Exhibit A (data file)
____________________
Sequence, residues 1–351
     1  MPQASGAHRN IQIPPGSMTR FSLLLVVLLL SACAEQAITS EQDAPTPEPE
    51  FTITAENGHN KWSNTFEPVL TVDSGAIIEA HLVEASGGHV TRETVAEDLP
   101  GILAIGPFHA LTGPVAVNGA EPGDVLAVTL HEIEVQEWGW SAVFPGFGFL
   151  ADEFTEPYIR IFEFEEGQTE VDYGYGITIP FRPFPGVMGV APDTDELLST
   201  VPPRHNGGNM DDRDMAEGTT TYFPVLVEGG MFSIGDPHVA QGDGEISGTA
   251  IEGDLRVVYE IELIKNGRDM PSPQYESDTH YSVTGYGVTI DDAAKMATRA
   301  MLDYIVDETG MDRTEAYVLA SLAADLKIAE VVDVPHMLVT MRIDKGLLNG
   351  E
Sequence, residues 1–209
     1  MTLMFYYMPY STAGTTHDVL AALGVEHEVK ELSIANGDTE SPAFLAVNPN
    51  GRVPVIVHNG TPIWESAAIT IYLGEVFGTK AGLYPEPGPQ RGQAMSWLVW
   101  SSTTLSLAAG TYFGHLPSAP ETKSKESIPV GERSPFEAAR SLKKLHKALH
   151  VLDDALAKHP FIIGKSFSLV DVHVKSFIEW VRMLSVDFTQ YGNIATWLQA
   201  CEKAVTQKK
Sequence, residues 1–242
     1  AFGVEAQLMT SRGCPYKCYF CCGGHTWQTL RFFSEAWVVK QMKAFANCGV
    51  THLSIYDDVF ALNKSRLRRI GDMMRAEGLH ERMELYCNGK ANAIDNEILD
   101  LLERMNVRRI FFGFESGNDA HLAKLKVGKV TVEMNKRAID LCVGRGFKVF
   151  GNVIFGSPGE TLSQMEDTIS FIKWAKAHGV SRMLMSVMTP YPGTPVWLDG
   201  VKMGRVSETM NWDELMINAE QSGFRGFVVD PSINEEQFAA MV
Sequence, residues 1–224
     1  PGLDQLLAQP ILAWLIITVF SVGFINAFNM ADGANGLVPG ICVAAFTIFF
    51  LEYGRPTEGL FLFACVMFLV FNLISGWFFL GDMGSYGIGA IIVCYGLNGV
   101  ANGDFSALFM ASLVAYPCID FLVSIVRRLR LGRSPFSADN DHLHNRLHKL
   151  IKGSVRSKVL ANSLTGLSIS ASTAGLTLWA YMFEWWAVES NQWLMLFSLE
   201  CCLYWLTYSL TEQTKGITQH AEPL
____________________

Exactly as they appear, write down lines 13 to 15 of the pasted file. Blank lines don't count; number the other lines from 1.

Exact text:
   101  SSTTLSLAAG TYFGHLPSAP ETKSKESIPV GERSPFEAAR SLKKLHKALH
   151  VLDDALAKHP FIIGKSFSLV DVHVKSFIEW VRMLSVDFTQ YGNIATWLQA
   201  CEKAVTQKK